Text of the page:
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August 2009


How to Become a Bounty Hunter

Betting and “Sports Bribery” Can Taint Sports

By Greg Stejskal

An estimated $300 billion is bet illegally on sports each year in the U.S. The underground industry has grown in good part because of the exponential increase in television coverage of games and the advent of the Internet as a betting and information forum.

The most popular games to bet on are football and basketball, but bets can be placed on virtually all sports. Unfortunately, from time to time, some games have been fixed through “sports bribery” or point shaving. I’ll get to more of that in a minute.

There is only one place in the US where sports gambling is legal, Nevada, and the bettor has to be physically present. Of course it is possible though not legal to have someone in Nevada place a bet for you.

The fact gambling is illegal has never had much impact on its growth or the public’s general acceptance. Pick any newspaper and you will find the betting line in the sports section. There is no difficulty in finding places to make a bet.

A bookie is probably as close as your local sports bar or one of the many sports gambling sites on the Internet. I recently received, via the U.S. Mail, advertisements for Internet sports gambling sites, e.g., and Gambling on these sites is illegal in the U.S., but enforcement is difficult because they generally operate off-shore.

Consequently, law enforcement (most often enforcement is done by Federal agencies) has concentrated on large scale bookmakers and organized crime’s connections. Because of the amounts of money involved and pervasive nature of sports gambling, efforts to gain an edge are inevitable.

Enter sports bribery. It poses a great threat to the integrity of sports at the college and professional levels. If fans lose faith and fear the outcome is fixed by gamblers, all sports become like professional wrestling, a caricature of a sporting event.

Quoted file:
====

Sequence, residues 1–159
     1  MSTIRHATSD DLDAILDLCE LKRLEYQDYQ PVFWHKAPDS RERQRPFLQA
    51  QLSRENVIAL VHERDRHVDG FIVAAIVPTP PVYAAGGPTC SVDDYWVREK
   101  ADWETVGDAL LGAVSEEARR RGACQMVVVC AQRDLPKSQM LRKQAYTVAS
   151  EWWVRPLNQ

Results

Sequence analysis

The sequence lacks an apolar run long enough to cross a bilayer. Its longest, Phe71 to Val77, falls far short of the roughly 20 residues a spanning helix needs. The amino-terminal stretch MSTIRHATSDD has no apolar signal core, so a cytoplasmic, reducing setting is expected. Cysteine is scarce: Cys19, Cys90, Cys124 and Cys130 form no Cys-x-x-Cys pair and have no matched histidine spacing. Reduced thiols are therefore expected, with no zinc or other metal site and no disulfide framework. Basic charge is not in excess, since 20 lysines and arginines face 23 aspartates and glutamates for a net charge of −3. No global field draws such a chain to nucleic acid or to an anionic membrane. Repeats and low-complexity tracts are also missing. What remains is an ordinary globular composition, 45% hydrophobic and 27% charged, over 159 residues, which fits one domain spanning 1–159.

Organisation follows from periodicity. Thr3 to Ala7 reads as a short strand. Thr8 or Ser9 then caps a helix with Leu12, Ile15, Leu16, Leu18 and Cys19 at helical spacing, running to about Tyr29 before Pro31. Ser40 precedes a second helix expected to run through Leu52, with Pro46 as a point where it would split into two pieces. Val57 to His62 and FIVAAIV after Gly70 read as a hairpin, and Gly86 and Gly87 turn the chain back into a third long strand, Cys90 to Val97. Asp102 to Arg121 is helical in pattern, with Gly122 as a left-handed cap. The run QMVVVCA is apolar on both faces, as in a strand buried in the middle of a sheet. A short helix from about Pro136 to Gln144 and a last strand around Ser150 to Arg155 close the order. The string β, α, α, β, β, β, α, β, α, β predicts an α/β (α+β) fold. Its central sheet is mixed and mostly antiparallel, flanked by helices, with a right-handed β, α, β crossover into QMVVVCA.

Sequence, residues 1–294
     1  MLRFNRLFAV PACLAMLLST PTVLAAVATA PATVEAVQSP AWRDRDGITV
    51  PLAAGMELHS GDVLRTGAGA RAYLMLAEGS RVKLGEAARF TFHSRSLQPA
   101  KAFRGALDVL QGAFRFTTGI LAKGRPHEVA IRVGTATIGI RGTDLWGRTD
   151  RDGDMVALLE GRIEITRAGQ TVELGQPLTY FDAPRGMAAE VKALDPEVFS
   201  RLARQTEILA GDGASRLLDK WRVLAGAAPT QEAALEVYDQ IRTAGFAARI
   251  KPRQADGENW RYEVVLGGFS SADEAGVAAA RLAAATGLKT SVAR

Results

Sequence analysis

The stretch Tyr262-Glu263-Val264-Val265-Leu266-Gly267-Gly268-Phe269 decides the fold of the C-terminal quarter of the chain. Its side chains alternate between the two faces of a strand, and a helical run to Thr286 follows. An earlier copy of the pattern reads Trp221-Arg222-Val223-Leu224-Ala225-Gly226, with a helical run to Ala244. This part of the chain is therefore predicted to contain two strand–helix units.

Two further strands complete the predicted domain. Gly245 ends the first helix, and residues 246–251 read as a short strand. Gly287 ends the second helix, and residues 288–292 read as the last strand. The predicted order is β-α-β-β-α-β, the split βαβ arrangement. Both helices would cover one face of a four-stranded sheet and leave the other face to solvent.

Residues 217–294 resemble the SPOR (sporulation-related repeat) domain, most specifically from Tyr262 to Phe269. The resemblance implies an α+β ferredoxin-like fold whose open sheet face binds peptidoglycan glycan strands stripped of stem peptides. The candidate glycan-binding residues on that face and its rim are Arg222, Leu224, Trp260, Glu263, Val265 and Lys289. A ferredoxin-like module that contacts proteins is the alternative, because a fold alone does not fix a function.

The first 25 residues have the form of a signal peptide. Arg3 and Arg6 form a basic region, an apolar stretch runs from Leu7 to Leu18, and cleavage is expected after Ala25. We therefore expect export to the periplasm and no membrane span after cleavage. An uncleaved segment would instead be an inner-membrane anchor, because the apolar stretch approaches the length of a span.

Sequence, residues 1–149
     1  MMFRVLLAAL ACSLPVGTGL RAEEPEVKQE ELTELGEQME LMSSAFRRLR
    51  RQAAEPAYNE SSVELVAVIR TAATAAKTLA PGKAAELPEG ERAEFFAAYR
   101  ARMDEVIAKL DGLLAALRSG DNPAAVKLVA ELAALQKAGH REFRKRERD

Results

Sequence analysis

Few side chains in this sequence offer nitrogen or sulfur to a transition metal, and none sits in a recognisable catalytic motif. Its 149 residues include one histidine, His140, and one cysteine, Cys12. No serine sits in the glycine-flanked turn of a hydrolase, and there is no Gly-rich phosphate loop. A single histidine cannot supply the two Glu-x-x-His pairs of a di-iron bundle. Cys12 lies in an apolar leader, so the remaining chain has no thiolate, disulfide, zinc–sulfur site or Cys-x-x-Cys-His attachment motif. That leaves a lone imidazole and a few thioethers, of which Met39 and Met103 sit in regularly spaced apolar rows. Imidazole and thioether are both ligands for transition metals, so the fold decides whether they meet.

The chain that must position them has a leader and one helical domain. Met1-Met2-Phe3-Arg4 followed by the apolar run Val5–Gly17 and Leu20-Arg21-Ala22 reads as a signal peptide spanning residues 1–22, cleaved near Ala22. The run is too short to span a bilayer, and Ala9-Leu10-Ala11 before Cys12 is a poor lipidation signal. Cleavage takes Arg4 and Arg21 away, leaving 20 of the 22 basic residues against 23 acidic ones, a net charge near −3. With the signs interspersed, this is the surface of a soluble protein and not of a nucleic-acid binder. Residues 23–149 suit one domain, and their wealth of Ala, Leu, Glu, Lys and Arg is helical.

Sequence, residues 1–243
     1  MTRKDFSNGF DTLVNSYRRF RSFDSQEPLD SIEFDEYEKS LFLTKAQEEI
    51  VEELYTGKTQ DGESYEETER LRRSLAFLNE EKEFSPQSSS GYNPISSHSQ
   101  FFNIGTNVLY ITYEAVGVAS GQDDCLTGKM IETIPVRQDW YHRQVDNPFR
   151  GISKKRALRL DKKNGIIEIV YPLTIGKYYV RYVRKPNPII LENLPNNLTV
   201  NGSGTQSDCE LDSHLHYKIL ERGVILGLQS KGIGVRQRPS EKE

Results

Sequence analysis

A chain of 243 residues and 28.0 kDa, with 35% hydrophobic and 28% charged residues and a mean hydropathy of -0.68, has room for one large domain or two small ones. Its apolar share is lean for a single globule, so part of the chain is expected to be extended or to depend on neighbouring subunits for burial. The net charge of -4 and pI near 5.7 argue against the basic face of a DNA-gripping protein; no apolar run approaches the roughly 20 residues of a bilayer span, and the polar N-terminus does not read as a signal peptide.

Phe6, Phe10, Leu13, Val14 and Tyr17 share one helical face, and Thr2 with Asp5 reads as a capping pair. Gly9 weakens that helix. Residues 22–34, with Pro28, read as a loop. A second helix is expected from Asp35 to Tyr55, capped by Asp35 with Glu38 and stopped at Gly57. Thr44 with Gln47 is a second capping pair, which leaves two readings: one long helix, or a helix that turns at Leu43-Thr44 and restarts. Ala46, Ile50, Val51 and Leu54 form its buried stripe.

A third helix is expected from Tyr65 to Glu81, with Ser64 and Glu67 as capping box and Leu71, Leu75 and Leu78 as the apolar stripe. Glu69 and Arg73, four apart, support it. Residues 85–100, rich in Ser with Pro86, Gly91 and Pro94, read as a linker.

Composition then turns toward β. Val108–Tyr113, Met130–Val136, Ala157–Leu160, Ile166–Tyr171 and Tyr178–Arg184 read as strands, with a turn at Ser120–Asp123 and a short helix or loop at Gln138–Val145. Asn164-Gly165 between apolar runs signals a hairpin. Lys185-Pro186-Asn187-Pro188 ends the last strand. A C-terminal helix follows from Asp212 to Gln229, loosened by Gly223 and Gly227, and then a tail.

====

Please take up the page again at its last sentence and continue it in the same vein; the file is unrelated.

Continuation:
To understand the threat and how to combat it, it is necessary to understand how sports gambling works.
When placing a bet with a bookmaker (bookie), the bet is not as to which team will win.

Instead, it centers on which team will beat the other by the spread or line. The spread or line is a predetermined differential set by odds makers, usually in Las Vegas.

The line is a very educated prediction as to how many points the favored team will beat the other team. For example, the line may be for Michigan to beat Notre Dame by 3 points.

The bettor may bet on either Michigan or Notre Dame. If the bettor bets on Michigan, it is not enough for Michigan to win, they must win by more than 3 points. If not, the bettor who chose Notre Dame wins.

To avoid a tie or a push, odds makers sometimes use ½ points. Thus in our example Michigan would be favored by 31/2 points, and would have to win by 4 or more points to cover the spread. The line is meant to not only closely predict the outcome of the game, but to encourage betting on games.

Bookmakers do not generally care who wins. They simply hope that more people lost bets than won. This is because the bookmaker makes money only on the losing bets.

Ordinarily the losing bettor pays an additional 10% on top of the actual bet. This 10% commission goes to the bookie and is referred to as the “vigorish” or vig and is the bookie’s compensation.

Bookies may also offer credit or loans to bettors, but these loans will often be at usurious interest rates. Any bookie, whose business is relatively large, will probably have direct or indirect connections with organized crime (OC).

Illegal gambling is one of the largest revenue sources for organized crime. A bookie may pay a fee or tribute to an OC group for the “privilege” of conducting business.

The OC group may in return provide protection, eliminate competition and help with collection of bets or loans.
There have been numerous instances where people have tried to impact the game’s outcome, or find out inside information not known publicly that could impact a team or player’s performance.